This blog post is the fifth and final in the series of pieces around data visualisation that will be shared on the SAGE Campus blog throughout May. They have been created by Andy Kirk, a UK-based data visualisation specialist, design consultant, training provider, lecturer, author, speaker, researcher, editor of an award-winning website, and course instructor on Introduction to Data Visualisation.
Every week in May we will be sharing Andy’s observations from his 'little’ of visualisation design blog series. This week’s post covers use of photo-imagery. You can see the rest of the posts here.
This is part of a series of posts about the 'little of visualisation design', respecting the small decisions that make a big difference towards the good and bad of this discipline. In each post I'm going to focus on just one small matter - a singular good or bad design choice - as demonstrated by a sample project. Each project may have many effective and ineffective aspects, but I'm just commenting on one.
The 'little' of this next design concerns the juxtaposition of photo-imagery within a chart display. Voters were surveyed to find out which of the 2016 candidates they were able to correctly recognize.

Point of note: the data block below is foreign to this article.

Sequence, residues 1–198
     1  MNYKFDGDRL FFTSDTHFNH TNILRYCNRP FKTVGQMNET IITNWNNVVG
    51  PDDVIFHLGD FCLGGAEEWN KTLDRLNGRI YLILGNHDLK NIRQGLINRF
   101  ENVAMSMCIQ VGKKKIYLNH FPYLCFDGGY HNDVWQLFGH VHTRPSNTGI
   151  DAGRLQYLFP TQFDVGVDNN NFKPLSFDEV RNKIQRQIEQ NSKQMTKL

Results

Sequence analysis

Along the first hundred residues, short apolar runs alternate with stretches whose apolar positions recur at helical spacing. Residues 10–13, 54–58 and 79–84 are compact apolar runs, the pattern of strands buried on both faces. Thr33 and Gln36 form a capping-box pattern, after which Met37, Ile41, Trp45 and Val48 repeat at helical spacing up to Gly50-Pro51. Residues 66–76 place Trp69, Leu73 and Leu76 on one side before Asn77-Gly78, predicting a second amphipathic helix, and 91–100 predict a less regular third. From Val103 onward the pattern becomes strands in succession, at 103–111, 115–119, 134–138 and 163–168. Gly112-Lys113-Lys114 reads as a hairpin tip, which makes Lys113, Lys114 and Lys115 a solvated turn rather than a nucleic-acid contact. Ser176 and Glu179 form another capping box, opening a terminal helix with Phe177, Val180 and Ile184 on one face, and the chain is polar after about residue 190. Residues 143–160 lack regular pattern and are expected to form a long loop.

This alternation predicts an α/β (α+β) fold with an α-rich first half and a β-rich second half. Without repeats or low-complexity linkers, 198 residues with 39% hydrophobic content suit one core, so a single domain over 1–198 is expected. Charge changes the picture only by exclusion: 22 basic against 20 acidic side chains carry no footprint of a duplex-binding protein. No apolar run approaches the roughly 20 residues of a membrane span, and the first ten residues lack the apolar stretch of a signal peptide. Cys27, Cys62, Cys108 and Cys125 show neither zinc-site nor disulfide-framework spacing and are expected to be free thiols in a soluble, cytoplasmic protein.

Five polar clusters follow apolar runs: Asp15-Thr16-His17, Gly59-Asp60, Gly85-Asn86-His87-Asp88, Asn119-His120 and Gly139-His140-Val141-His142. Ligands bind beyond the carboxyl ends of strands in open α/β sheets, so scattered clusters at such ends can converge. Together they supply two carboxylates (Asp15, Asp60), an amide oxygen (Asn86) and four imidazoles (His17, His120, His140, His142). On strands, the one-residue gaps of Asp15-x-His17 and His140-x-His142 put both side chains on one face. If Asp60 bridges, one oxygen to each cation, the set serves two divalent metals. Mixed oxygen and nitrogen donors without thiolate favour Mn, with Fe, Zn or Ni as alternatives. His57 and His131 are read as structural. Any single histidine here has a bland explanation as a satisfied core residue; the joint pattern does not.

One of the subtle design choices I like here is the deliberate cropping of the least recognised candidates' images. The face of Kasich partially disappears below the axis, editorially reinforcing the findings of the analysis.
The 'little' of this next design concerns the juxtaposition of photo-imagery within a chart display. It might appear to be a relatively simple matter, but gathering and preparing photo-imagery, especially people-based subjects like in the sequence of Presidential head-and-shoulders in this piece, can involve a lot of effort sourcing, editing and compiling each one
Read the full post
The good and bad of data visualisation: read the whole series at the Campus blog
If you’d like to learn how to transform your data into powerful visualisations and infographics join Andy’s course Introduction to Data Visualisation, starting 25th June. By the end of the course you will be able to:
harness color, composition, interactivity, and annotation to tell your data story
tailor your visualisations to your audience’s needs and integrate critical thinking into your design decisions
determine what is the most important, relevant and interesting content to portray to your audience